Tick Removal Techniques on Dogs
Identification of Ticks
- Ticks go through three distinct life phases: the larval stage, where the tick is still considered an insect; the nymph stage, or the adolescent and immature adult phase; and the fully-grown adult phase. Ticks are not true insects, but are arachnids, and are part of the same family of creatures as the spider and scorpion. Because of this, all adults have at least three pairs of legs (see Reference 2).
Ticks that are still in the larval stage have six legs. Nymph and adult stage ticks have eight legs. Both genders of ticks feed from hosts. Before feeding, ticks have a generally flattened body. The longer they have been attached to a host, the larger, or more engorged, they become. The color and shape of a tick will change as it engorges as well, making identification particularly difficult at times (see Reference 1).
- When removing a tick, the most important thing to keep in mind is not to burst its body. Always use an instrument such as fine-tipped tweezers or a special tick removal implement to grasp the tick. Place the instrument at the mouth or head, right where the tick enters the skin. Do not grasp the body of the tick, for fear that it will burst. When a tick bursts, it can spread bacteria and disease, leading to a possible infection to your pet or yourself (see references 1, 3).
Remove the tick in one steady motion. Do not jerk your hand, but pull slowly and steadily. This will likely elicit a painful reaction from your dog, so you may want to have someone on hand to keep her calm and restrained. Don't twist the tick as you are removing it (see references 1, 3)
Do not apply any lubricating agent in hopes that it will help with the removal of the tick. Petroleum jelly, rubbing alcohol, a hot match and kerosene are some of the erroneous aids that have been suggested. These items may cause the tick to dig into your dog further and deposit more of the potentially infectious saliva (see references 1, 3).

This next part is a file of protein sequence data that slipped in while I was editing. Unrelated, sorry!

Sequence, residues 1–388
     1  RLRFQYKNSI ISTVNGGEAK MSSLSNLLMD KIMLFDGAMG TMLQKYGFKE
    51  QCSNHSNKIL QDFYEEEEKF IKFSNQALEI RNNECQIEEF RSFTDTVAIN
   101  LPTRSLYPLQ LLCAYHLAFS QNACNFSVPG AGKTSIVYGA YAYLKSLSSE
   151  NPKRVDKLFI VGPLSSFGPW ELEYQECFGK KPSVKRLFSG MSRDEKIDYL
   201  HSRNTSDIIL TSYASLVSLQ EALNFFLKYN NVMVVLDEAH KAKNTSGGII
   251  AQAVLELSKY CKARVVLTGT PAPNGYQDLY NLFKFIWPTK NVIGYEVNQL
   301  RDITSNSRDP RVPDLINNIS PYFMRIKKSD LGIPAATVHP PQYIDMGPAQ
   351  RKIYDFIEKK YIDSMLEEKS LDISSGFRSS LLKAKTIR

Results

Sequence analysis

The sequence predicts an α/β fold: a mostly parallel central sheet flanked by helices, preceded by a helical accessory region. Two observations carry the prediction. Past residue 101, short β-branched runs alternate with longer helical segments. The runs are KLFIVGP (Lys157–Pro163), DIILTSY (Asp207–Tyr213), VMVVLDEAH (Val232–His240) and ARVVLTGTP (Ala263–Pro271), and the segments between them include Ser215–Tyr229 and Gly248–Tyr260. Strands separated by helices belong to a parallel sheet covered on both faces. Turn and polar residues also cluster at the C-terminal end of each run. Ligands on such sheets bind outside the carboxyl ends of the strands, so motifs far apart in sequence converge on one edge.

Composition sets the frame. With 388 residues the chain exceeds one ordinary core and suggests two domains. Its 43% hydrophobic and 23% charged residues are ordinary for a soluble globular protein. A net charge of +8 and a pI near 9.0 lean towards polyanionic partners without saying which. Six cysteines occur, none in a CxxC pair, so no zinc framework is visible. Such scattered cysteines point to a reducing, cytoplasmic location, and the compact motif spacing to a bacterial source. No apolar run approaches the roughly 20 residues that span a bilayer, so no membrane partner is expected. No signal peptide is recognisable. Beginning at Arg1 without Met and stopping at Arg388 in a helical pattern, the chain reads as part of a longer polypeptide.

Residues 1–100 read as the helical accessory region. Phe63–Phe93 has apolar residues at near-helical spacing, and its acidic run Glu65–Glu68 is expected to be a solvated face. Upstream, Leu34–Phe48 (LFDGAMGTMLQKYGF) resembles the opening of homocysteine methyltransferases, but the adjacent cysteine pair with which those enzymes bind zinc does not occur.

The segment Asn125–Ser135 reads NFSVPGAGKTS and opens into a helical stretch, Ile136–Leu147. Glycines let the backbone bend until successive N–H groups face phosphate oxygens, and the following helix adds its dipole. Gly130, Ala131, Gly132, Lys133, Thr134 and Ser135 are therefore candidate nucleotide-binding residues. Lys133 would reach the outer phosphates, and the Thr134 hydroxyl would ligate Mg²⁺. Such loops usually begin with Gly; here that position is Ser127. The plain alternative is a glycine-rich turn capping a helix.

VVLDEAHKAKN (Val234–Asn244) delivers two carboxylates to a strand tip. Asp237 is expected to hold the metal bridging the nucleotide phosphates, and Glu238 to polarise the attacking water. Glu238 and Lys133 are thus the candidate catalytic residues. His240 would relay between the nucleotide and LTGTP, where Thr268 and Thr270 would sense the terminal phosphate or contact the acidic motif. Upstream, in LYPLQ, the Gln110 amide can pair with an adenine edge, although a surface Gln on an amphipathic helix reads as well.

Disposal and After-Care
- Contrary to popular belief, flushing a tick down the toilet will not kill it. Place the tick in a jar of rubbing alcohol. Do not carry the tick to the jar with your bare hands, but rather continue to use the removal instrument. Wash your hands thoroughly after the removal of a tick to ensure that any infectious material you may have come into contact with is removed.
Clean the bite wound on your pet with a disinfectant agent. If desired, apply a triple antibiotic ointment to the spot where the tick was embedded. A welt, swelling, hives or other dermatological reaction may occur. Hydrocortosone cream or spray can aid in the reduction of swelling. If a bull's eye pattern appears, or your dog's behavior or actions are abnormal, contact a veterinarian for a further checkup. Bloodwork can confirm or rule out any tick-borne illnesses. It may take up to a week or more for the bite wound to begin to heal, because of a reaction to the tick's saliva. Don't be alarmed by this.